This tale is related by Ron Beecroft, our Team Leader for the K8 (831), starting before he realized
what he was getting himself into. It begins in 2009 when…well, let’s hear it in his own words…..
In 2009 I was looking around for an alternative to the Lasham club gliders. Talking to various people at Lasham, a large ‘syndicate’, running four different gliders, was
mentioned. Entitled ‘Crown Service Gliding Club’ (CSGC), it stems from what was the RAE Gliding Club. Made homeless by the sale of Farnborough to TAG, they trekked, first to Odiham, then to the congenial atmosphere of Lasham. They have a useful fleet of gliders. A K8 and Grob 103, which are kept rigged in the main hangar, and a Vega and DG 300 which are rigged under covers during Summer and kept in trailers during the Winter.
I found that I already knew some of the members, so I asked a few relevant questions, like “What are the rules”, closely followed by “What are the subs”. I liked what heard and joined up. The only glider I haven’t now flown is the Vega.
We have a broad base of skills and can carry out most routine maintenance and inspections ourselves, having an inspector, the invaluable Paul Wheatcroft, in the ranks. During 2010, the decision was made to strip and re-cover the K8 fuselage, taking the opportunity to check out all the control runs and the tubular steel fuselage frame. Being a complete novice in these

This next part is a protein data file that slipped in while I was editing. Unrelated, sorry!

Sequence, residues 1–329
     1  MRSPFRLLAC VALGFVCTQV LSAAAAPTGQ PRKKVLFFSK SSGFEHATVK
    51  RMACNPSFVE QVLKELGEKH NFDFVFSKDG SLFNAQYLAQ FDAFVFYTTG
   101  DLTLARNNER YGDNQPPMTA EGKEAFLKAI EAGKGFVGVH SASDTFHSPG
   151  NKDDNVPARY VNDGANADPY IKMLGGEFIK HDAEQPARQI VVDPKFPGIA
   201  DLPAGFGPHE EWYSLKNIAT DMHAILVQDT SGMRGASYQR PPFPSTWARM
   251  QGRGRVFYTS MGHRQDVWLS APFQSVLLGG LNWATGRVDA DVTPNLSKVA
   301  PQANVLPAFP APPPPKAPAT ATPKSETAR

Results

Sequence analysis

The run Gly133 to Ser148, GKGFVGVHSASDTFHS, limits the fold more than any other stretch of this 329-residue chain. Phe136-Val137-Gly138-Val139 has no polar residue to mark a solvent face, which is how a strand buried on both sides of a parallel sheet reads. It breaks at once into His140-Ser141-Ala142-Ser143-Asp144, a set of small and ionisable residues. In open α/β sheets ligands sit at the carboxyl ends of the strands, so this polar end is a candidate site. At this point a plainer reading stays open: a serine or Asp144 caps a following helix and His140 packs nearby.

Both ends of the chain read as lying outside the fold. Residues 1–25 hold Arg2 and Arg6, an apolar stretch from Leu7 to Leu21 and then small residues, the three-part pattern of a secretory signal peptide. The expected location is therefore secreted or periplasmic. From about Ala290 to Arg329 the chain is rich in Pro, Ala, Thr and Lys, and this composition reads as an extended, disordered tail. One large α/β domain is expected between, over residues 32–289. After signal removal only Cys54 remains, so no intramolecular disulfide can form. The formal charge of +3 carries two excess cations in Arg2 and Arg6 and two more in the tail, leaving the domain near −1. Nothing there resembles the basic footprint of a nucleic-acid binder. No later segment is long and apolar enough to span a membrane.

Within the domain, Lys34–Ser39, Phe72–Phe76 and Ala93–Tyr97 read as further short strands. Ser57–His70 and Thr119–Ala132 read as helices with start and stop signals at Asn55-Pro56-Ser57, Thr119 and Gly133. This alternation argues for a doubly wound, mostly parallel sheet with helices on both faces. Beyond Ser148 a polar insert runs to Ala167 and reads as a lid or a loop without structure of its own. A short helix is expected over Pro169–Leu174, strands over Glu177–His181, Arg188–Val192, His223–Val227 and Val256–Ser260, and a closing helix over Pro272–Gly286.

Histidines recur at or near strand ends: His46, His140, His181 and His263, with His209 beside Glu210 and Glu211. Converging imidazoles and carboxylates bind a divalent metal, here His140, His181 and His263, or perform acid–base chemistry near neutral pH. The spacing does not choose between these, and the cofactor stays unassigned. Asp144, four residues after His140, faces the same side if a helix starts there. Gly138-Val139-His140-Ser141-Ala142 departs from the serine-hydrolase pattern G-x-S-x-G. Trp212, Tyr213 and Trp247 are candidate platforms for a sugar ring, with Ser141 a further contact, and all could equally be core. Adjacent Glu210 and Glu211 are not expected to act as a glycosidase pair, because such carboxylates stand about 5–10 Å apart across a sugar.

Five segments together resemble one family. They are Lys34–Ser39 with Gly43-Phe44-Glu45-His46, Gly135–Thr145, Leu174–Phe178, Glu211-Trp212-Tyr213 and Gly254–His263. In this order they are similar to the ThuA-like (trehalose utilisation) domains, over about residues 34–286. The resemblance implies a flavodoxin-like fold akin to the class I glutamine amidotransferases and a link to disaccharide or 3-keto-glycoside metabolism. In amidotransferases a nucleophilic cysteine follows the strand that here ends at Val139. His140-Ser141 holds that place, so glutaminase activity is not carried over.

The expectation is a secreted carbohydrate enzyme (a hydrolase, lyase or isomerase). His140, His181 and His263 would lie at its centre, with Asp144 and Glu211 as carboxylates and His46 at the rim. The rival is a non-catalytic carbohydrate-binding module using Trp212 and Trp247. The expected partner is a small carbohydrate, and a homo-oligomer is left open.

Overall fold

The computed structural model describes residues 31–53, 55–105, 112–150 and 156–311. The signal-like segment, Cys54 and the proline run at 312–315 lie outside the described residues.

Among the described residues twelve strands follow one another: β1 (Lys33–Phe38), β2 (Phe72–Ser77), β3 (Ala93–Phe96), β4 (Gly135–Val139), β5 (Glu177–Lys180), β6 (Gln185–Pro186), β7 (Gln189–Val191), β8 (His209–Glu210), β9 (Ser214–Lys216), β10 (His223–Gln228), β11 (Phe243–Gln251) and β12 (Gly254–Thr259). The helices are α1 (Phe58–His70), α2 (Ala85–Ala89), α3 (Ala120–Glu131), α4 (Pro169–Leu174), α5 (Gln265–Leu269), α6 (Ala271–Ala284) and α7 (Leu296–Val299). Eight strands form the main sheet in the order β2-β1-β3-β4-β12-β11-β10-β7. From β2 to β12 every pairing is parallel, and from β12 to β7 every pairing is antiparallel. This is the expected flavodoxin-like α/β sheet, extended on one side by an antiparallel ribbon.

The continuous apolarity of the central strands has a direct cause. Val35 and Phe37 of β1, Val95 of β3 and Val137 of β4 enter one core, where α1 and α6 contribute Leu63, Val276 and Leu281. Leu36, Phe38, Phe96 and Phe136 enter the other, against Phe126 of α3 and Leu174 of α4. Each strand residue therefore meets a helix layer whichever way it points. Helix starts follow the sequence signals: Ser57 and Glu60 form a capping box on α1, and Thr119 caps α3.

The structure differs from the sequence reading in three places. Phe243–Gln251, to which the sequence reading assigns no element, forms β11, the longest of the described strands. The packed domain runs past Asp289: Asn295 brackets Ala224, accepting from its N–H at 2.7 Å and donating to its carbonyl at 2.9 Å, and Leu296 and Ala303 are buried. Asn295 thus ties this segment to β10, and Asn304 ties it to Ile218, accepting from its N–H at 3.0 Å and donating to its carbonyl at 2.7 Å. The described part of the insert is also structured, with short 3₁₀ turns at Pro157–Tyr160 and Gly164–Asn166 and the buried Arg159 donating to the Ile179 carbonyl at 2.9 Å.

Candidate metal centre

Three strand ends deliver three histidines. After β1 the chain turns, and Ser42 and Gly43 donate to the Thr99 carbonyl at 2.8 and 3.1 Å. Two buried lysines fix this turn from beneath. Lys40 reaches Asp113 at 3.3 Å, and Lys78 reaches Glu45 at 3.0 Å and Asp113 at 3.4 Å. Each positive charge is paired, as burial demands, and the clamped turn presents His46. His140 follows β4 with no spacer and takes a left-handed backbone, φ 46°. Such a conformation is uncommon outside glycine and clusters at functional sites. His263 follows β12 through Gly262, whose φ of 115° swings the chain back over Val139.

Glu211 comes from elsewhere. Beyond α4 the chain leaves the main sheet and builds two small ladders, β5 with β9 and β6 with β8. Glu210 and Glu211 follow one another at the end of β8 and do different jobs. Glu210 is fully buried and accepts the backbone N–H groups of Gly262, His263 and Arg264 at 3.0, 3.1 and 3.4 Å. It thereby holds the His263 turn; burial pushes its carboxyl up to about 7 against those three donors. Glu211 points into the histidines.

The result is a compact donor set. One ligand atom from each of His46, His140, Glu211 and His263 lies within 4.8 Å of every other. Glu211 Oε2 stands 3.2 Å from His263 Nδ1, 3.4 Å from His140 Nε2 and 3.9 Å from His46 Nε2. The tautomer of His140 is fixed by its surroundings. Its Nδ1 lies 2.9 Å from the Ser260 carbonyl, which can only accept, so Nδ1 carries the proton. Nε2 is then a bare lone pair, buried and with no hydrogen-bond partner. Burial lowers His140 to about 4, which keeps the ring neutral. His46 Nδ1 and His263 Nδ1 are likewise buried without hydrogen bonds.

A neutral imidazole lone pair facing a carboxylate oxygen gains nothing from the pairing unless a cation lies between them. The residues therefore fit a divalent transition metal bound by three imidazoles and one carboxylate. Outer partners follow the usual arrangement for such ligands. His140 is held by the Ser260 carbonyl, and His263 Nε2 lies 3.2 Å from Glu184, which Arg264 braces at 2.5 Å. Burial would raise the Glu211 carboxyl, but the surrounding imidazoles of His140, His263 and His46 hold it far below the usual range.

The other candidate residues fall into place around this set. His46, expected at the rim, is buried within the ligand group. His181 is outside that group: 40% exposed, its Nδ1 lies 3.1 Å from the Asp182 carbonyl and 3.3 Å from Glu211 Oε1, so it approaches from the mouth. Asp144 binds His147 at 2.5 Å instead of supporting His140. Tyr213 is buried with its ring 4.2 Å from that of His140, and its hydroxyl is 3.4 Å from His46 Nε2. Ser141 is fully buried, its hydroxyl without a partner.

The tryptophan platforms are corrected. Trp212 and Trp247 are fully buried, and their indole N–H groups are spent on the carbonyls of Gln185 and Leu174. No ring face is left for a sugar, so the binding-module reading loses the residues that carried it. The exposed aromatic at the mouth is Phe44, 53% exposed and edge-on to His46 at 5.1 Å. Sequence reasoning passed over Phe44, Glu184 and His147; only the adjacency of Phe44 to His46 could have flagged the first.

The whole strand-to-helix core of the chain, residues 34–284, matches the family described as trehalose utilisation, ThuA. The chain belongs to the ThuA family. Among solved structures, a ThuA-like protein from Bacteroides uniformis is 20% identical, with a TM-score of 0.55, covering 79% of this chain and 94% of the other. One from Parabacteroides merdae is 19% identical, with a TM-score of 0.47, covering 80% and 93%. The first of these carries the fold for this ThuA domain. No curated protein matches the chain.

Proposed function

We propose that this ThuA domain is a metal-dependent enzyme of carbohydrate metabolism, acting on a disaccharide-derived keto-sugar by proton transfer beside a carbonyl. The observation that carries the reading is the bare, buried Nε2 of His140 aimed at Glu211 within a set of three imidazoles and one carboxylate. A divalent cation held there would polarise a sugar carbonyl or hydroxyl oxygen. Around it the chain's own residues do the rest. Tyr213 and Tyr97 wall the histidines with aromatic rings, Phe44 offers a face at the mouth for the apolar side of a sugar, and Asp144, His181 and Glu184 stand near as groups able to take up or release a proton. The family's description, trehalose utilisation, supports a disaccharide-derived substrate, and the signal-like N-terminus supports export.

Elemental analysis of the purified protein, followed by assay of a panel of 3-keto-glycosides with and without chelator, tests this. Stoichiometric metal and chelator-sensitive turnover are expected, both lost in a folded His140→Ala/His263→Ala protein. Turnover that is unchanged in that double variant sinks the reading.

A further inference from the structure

areas, the small furry “me” inside whimpered and tried to hide away in a dark corner. Dragged back out and given a firm talking to, we settled down to read up on various processes, ask lots of questions and make preparations. A workshop with adequate space and facilities was a must. As CSGC has several members who also belong to the VGC (Vintage Glider Club), we were able to book their compact but useful facilities—which have a VERY interesting heating system, but that’s a tale on its own. Other items, such as storing the wings on their trailer in the main hangar, use of the Lasham spraybay and workshop were checked out for approval by the powers that be.
So, on Saturday 5th November 2011, a stirling crew of CSGC members, including myself, Trevor Sadler, AdrianNettleship, Trevor and Sheila Hills, Paul Wheatcroft, Tony Newbery and Adam Correia, de-rigged the K8 and stowed the wings and tailplane on the trailer. This was stored in the tug end of the main hangar. A higher powered group I couldn’t have asked for. Tony
Newbery was our Club Council Chairman, Trevor Hills was the Secretary, Adam Correia was the Aircraft Manager and Adrian Nettleship was the Membership Secretary. Many of the dramatis
personae had been with the Club since Farnborough days. (Over the intervening years since then, new people have been voted into the above positions.)